§ 12. Mr. Emrys Hughes
asked the Minister of State for Commonwealth Relations what newspapers and books are now allowed to Dr. Banda.
§ Mr. Hughes
Does the Minister really know anything about it? Can he enlighten us? Can he assure us that British newspapers of today's date, carrying a speech by the Prime Minister made in Africa, are freely available to Dr. Banda? Is the right hon. Gentleman afraid that Dr. Banda might think that the Minister responsible for 1196 Commonwealth Relations and the Prime Minister are in different Governments?
§ Mr. Alport
I would assure the hon. Member that there are virtually no restrictions upon material of this sort which is available to Dr. Banda other than those advocating, or which may appear to advocate, violence or subversion. I am quite certain the hon. Member, who knows my right hon. Friend very well, would not regard anything he has said as advocating either.
§ Sir L. Ungoed-Thomas
Is not Dr. Banda a British-protected person of Nyasaland? Therefore, is not the Colonial Secretary responsible for him? Will not the right hon. Gentleman see that Dr. Banda obtains what books are required instead of handing it over to Sir Roy Welensky to decide these matters?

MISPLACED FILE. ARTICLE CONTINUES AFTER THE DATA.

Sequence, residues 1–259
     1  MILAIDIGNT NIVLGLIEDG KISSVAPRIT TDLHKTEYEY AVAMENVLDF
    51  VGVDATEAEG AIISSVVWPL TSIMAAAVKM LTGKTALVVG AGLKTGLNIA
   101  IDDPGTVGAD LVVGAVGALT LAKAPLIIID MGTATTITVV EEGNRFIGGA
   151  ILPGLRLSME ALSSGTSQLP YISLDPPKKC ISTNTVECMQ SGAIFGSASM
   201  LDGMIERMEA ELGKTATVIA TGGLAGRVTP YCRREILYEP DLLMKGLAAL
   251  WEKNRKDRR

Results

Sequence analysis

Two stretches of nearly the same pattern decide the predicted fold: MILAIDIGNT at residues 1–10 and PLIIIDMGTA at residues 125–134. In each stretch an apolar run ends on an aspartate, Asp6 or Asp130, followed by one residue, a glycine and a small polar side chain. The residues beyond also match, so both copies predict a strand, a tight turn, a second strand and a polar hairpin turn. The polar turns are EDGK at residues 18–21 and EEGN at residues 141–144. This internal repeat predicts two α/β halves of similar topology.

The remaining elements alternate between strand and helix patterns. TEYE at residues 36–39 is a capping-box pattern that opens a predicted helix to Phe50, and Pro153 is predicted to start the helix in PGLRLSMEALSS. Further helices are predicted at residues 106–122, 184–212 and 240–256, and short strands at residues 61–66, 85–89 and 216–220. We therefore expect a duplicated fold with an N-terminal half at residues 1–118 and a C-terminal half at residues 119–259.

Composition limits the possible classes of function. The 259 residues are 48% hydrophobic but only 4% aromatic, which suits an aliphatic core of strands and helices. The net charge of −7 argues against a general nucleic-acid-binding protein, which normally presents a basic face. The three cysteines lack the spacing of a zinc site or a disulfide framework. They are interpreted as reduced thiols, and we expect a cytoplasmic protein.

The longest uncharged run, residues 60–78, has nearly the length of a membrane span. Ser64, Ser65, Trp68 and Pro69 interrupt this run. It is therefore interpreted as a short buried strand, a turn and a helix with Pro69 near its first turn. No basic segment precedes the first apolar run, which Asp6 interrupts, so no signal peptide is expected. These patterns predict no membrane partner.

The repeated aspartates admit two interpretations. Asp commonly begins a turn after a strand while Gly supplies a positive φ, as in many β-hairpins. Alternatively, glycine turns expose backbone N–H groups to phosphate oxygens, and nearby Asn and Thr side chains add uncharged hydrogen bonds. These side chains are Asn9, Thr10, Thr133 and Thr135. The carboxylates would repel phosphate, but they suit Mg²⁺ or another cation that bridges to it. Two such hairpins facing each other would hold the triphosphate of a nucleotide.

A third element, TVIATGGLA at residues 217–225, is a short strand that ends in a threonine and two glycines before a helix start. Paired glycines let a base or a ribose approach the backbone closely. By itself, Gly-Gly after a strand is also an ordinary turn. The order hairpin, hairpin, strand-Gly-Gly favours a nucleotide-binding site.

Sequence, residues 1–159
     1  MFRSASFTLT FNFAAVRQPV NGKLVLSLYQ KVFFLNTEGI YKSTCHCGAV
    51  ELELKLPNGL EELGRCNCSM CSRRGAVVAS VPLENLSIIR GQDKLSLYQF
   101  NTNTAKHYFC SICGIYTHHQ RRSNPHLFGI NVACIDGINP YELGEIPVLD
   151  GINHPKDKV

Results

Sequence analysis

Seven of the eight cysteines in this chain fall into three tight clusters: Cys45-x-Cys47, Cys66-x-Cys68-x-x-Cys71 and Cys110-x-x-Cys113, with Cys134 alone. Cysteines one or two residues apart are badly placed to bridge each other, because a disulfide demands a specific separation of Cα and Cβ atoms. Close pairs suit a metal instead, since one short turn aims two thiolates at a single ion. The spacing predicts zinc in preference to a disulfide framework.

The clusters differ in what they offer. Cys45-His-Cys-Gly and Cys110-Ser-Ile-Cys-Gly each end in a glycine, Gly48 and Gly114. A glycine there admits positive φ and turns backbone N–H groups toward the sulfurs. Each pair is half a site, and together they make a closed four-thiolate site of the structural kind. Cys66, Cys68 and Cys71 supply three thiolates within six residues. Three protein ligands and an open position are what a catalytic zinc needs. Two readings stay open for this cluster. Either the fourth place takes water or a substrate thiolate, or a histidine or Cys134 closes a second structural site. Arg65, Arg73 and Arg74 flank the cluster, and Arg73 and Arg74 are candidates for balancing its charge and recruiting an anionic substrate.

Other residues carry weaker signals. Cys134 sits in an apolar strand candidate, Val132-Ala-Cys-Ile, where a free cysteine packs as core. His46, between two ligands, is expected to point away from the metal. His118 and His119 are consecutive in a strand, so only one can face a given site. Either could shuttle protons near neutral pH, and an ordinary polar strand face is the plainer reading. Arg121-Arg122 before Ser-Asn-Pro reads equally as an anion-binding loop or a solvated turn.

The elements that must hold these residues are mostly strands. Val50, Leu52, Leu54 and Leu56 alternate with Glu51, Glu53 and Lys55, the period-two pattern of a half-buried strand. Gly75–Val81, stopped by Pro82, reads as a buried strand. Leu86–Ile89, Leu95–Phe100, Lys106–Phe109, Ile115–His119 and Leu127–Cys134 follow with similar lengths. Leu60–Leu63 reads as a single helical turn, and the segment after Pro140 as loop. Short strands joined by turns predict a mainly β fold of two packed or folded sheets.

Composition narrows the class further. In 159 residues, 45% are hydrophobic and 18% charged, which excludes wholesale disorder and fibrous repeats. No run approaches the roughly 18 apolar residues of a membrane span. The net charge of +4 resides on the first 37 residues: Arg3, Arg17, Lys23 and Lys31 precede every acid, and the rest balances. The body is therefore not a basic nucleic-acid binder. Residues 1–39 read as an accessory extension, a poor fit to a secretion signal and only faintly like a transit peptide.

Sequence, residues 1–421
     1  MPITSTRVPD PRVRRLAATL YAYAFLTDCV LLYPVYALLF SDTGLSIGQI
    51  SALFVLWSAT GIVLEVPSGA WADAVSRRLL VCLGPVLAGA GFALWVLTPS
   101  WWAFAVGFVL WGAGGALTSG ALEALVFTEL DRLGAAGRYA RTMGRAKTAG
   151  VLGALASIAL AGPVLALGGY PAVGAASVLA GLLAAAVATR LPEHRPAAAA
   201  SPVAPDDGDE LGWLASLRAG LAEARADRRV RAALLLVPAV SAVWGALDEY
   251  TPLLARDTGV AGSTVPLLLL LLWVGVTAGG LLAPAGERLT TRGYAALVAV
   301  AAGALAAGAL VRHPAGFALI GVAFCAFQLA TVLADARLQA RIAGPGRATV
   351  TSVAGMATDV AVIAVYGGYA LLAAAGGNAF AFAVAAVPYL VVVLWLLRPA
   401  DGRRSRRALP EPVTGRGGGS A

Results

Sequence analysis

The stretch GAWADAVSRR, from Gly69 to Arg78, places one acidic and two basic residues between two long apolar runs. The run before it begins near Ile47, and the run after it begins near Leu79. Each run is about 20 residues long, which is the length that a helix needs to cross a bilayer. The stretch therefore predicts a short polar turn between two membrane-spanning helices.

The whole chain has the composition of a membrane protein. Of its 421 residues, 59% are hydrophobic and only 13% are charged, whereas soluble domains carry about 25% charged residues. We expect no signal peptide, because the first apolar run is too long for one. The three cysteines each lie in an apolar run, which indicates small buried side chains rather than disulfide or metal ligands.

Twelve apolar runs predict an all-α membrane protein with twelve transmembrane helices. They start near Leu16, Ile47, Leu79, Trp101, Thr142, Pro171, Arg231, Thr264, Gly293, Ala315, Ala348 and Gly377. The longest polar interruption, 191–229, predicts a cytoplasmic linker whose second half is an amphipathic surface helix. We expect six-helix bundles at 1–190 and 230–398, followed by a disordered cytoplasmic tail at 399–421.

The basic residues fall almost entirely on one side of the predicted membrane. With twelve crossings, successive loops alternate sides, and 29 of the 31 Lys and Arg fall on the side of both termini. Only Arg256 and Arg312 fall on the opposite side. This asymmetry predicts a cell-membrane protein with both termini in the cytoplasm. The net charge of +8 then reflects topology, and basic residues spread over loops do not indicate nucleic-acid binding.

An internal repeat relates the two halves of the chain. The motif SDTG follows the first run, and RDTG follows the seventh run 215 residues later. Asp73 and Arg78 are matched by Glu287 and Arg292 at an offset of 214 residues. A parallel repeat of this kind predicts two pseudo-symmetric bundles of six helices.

§ Mr. Alport
It is not a question of my right hon. Friend handing anything over at all. This relates to Item 60, Part II of the Second Schedule of the Federal Constitution—the concurrent list—in which responsibility for prisons is that of the Federation, and in these circumstances this is not a question of any administrative arrangement between any particular Governments but a question of the Federal Constitution.